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THE FKNK PRESENTS ITS PROPOSALS FOR THE SPRING SEASON OF 2023

The Gozo Ministry, 27 March 2023, the Honourable Minister Clint Camilleri received proposals submitted by a delegation of the Federation for Hunting and Conservation – Malta (FKNK) in order to apply derogations to permit the traditional hunting of turtle dove and quail in April 2023, as well as to carry out research regarding the migration of turtle doves by the traditional means of turtle doves clap-nets’ live-capturing (trapping) during the same period.


These proposals were listed in detail in a document submitted by the delegation, which evidence the positive results regarding the sustainability of turtle dove hunting in Malta. These emerged from the surveys that the FKNK organized, with the voluntary help of a number of members, during the turtle dove hunting seasons in September 2021 and in that of 2022, as well as through the scientific study that the FKNK, once again with the voluntary involvement of some members, undertook during the turtle dove hunting season in April 2022. In the same document the successes achieved through the FKNK Turtle Dove Project are also detailed, not just in relation to the possibility of adding Bulgaria and Kosovo to the so-called "reference population countries", but that the Project achieved one of its main objectives as a result of the amount of released turtle doves into the wild over the years, that have served the Project’s "compensatory measure" purpose.


These proposals will next be presented at the forthcoming Malta Ornis Committee meeting for its consideration and recommendations.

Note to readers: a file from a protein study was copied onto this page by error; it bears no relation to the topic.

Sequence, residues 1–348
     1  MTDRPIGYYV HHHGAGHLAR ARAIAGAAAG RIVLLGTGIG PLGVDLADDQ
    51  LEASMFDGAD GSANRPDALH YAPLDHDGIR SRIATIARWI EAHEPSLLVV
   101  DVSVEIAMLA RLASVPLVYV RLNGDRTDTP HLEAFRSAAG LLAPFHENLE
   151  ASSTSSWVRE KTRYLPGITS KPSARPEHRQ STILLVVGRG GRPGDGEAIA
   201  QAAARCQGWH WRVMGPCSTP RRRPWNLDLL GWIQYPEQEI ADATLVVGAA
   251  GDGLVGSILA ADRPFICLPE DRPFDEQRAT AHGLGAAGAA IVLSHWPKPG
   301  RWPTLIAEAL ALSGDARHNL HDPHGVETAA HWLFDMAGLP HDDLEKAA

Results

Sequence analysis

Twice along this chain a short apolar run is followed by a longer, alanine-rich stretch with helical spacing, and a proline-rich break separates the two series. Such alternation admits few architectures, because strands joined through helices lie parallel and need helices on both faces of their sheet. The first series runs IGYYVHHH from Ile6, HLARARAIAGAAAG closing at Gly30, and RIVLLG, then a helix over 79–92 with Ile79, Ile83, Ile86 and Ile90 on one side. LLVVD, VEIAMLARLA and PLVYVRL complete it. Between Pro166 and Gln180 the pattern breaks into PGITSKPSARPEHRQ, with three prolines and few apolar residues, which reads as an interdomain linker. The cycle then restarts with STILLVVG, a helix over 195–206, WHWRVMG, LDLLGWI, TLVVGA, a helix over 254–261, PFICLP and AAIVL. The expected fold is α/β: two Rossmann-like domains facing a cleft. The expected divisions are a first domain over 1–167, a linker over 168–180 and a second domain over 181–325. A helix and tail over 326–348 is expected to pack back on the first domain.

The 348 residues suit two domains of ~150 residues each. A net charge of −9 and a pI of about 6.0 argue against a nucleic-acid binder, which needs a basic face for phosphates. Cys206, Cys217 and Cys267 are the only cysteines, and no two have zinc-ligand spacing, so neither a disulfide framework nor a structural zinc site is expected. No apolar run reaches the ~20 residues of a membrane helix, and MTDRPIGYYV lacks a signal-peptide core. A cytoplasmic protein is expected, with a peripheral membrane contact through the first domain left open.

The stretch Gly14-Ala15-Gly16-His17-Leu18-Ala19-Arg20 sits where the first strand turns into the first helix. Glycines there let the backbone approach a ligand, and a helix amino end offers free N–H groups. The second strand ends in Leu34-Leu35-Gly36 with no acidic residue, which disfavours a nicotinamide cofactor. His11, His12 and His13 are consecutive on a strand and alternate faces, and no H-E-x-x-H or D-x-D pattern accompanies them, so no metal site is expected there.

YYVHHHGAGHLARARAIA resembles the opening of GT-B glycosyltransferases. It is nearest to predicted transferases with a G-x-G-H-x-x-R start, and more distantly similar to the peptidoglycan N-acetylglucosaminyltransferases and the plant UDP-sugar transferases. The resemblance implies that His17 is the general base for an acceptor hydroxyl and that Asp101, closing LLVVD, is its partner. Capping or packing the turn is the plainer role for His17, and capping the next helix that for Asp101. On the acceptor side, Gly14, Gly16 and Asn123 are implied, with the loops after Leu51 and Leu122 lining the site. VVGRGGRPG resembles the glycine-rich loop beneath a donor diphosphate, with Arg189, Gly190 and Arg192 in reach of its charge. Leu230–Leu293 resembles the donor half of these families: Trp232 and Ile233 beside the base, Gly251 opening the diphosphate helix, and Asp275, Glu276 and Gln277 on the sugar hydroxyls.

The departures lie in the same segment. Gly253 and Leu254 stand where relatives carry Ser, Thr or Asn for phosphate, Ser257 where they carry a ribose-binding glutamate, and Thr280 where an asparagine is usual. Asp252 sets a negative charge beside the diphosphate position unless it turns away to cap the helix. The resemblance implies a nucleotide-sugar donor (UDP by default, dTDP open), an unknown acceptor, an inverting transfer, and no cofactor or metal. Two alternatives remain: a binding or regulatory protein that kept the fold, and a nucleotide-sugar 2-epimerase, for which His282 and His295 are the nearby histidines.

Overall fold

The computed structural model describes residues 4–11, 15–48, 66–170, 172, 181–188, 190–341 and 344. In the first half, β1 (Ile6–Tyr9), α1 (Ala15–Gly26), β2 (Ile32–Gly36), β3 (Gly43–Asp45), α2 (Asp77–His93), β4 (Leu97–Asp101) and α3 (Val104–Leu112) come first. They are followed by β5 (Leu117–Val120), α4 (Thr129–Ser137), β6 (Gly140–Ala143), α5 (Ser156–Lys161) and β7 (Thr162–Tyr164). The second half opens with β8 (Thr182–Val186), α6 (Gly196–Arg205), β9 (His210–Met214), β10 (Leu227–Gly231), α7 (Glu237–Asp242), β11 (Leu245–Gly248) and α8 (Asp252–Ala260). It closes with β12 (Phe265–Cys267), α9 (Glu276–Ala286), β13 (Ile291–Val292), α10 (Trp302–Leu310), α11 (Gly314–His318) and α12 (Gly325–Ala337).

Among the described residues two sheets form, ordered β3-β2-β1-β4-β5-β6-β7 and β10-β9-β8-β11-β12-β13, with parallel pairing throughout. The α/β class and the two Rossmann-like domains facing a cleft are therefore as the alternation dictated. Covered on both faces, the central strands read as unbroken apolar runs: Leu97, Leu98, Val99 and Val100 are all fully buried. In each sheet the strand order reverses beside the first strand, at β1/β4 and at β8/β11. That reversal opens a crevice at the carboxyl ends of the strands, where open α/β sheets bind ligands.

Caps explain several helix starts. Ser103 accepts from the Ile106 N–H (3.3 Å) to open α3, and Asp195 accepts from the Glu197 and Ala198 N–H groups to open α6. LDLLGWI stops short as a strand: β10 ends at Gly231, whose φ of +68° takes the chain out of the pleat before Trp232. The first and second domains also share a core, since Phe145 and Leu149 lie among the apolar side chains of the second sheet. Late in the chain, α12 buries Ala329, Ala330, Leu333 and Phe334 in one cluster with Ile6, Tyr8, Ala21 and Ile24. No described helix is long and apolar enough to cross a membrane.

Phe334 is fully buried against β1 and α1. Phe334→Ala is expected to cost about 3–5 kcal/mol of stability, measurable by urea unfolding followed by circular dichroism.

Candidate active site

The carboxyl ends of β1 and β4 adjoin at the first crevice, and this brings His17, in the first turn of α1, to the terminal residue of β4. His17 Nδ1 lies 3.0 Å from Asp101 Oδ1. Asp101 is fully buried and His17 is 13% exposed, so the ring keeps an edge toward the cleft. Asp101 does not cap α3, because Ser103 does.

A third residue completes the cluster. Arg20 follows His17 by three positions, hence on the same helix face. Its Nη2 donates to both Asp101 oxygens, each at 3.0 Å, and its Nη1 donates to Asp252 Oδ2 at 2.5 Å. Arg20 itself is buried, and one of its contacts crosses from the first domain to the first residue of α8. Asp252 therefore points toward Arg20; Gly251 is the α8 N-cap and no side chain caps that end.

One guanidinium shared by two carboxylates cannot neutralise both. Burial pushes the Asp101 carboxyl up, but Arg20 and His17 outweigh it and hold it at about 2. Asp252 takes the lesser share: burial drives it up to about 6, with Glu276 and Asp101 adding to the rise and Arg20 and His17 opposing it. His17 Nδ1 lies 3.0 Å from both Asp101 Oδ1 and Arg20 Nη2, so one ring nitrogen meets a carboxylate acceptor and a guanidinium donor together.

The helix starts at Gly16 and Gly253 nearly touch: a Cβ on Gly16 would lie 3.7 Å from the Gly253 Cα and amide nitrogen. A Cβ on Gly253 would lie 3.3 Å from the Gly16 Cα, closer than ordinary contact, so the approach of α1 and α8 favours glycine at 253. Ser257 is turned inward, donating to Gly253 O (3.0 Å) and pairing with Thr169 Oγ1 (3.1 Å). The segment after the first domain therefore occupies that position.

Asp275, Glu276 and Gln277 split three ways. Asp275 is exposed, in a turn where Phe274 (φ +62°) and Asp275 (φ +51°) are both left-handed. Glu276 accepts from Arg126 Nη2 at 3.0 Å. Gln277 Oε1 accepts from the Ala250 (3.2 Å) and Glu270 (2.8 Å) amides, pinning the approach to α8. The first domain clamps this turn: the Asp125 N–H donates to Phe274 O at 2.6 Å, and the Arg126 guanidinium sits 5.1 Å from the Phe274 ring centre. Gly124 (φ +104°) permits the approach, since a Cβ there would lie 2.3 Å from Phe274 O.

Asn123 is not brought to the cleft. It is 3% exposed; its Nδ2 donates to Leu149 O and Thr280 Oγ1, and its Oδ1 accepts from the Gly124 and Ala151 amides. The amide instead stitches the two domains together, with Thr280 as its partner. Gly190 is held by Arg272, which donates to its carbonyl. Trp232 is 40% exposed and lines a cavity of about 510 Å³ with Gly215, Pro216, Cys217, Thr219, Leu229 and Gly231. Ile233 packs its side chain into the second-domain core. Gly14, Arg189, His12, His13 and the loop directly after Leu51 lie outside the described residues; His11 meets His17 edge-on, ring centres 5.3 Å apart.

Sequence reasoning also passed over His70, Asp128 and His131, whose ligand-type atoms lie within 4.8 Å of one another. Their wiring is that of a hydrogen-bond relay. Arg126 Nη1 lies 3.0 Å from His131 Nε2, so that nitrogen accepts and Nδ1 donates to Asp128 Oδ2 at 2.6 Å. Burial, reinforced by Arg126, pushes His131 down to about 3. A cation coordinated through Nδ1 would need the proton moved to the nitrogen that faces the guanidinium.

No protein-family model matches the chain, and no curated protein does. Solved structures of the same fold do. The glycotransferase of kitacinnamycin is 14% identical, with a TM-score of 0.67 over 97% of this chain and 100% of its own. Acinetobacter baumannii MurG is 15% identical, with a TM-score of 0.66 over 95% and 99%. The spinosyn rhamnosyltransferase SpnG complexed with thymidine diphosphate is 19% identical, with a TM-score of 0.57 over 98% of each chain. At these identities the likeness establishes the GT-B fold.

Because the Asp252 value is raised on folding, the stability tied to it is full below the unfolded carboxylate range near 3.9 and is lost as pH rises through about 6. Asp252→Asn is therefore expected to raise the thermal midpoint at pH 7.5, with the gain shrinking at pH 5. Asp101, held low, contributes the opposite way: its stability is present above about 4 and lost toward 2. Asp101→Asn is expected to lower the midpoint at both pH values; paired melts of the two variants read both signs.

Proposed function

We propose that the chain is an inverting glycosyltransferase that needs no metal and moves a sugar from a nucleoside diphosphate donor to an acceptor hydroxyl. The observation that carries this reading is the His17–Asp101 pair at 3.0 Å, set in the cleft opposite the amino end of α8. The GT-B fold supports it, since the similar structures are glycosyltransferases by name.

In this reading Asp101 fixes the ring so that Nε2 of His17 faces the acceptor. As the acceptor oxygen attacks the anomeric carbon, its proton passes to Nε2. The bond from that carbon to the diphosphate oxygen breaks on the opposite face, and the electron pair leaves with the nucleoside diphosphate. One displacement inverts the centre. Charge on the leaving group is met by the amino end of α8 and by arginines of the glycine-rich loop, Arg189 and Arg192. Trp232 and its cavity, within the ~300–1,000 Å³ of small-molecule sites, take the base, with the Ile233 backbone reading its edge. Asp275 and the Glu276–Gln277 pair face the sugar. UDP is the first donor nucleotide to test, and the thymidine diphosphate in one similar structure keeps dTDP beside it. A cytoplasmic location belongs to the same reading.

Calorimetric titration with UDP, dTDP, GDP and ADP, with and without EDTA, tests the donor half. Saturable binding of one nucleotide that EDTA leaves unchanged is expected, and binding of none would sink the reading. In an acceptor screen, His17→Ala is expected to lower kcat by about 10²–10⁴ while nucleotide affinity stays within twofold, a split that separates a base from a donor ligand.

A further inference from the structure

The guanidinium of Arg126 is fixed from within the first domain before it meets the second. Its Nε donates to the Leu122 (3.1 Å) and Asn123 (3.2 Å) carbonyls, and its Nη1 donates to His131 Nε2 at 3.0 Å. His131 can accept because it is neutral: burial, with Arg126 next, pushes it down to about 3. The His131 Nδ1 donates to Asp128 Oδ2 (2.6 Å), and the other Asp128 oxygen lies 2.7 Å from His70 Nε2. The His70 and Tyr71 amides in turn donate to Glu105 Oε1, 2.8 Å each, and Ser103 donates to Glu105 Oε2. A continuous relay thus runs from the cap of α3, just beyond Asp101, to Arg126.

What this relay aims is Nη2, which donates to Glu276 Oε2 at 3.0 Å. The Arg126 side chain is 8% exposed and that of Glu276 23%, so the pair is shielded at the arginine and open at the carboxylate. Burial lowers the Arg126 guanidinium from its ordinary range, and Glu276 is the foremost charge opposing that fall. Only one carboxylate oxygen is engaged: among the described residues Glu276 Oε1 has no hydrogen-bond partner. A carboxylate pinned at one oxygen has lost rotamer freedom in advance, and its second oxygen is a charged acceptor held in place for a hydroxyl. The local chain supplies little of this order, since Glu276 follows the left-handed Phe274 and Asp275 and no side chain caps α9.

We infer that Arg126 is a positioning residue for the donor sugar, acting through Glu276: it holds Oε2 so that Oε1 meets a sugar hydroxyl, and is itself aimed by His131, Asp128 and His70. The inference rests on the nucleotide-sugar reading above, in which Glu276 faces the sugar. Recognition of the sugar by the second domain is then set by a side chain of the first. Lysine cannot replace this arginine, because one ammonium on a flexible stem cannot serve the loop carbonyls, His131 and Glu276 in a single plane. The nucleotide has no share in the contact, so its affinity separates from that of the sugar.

During the meeting, both sides also discussed the "Letter of Opinion" that the European Commission (EC) sent to Malta regarding the opening of turtle dove hunting season in April 2022, and the Case that the same EC filed against Malta in the European Court in relation to the finches’ research programme. On these two actions of the Commission, the FKNK delegation submitted two other related documents for the Minister's consideration, with detailed data and facts that the FKNK collected and documented in order to assist the Government in both cases.


Other items that were discussed during the meeting included the several problems that many FKNK trapper members encountered during last autumn's research and trapping seasons in connection with incorrectly plotted coordinates of trapping stations; police relationships; and taxidermy. The two sides agreed to work towards the best way forward in these challenges and finally the FKNK again pledged all its available resources for the best possible outcome for one and all.




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